Third, Speech First noted OSU’s bias-incidents policy defines “bias” broadly and students can be disciplined for alleged incidents that “occur on or off campus, including on social media.”

Students First said the “actions” targeted by the bias policy “encompass pure speech. Students can be reported for, among other things, a ‘Comment in Class,’ a ‘Comment in Writing,’ ‘Incorrect name or pronoun usage,’ or an ‘Offensive Picture or Image.’ Bias incidents can occur on or off campus, including on social media or other digital platforms.” Under the policy, complaints about bias can also be submitted anonymously.

OSU responded by trying to force Speech First to publicly identify the three OSU students it represented in the lawsuit. A wide range of groups from across the political spectrum filed briefs opposing OSU’s demand, arguing that anonymity is necessary to protect individuals from retaliation.

The U.S. Court of Appeals for the Tenth Circuit sided with the students and against OSU.

The university chose to settle with Speech First after that decision was handed down.

OSU officials issued a brief statement when asked for comment.

“At OSU, we are committed to protecting, promoting, and facilitating free expression for all students, regardless of their views,” the university statement declared. “OSU embraces its role as a marketplace of ideas, and we believe a robust public discourse is a contribution to the process of addressing society’s most pressing challenges, which is our charge as a land-grant institution. In the interest of a swift and satisfactory resolution, Oklahoma State University and Speech First have reached an amicable settlement. The agreement was signed April 15, 2024.”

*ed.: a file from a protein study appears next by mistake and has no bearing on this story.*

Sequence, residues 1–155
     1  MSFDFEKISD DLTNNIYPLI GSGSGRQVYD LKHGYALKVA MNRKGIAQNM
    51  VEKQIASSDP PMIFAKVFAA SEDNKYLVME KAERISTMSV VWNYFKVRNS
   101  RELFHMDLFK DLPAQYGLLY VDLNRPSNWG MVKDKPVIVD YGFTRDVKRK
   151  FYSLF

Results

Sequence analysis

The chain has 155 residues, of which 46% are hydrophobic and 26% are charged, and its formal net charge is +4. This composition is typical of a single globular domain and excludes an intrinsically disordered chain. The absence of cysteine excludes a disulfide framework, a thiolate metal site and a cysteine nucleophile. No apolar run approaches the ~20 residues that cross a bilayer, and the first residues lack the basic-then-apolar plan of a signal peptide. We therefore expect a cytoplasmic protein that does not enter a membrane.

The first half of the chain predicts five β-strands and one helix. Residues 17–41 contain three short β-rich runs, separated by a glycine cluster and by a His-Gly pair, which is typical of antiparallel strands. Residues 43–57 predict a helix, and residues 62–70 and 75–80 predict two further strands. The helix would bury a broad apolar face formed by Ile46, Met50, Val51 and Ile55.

Officials with Speech First say the agreement provides significant benefit to Oklahomans who attend OSU.

“This is a major victory for OSU students, and we won’t stop until all students across the nation are able to exercise their constitutionally protected right to free speech,” Trump said. “We have won a number of battles against colleges who knowingly violate students’ speech rights and will continue to do so.”

[For more stories about higher education in Oklahoma, visit]

Ray Carter Director, Center for Independent Journalism

Ray Carter

Director, Center for Independent Journalism

Ray Carter is the director of OCPA’s Center for Independent Journalism. He has two decades of experience in journalism and communications. He previously served as senior Capitol reporter for The Journal Record, media director for the Oklahoma House of Representatives, and chief editorial writer at The Oklahoman. As a reporter for The Journal Record, Carter received 12 Carl Rogan Awards in four years—including awards for investigative reporting, general news reporting, feature writing, spot news reporting, business reporting, and sports reporting. While at The Oklahoman, he was the recipient of several awards, including first place in the editorial writing category of the Associated Press/Oklahoma News Executives Carl Rogan Memorial News Excellence Competition for an editorial on the history of racism in the Oklahoma legislature.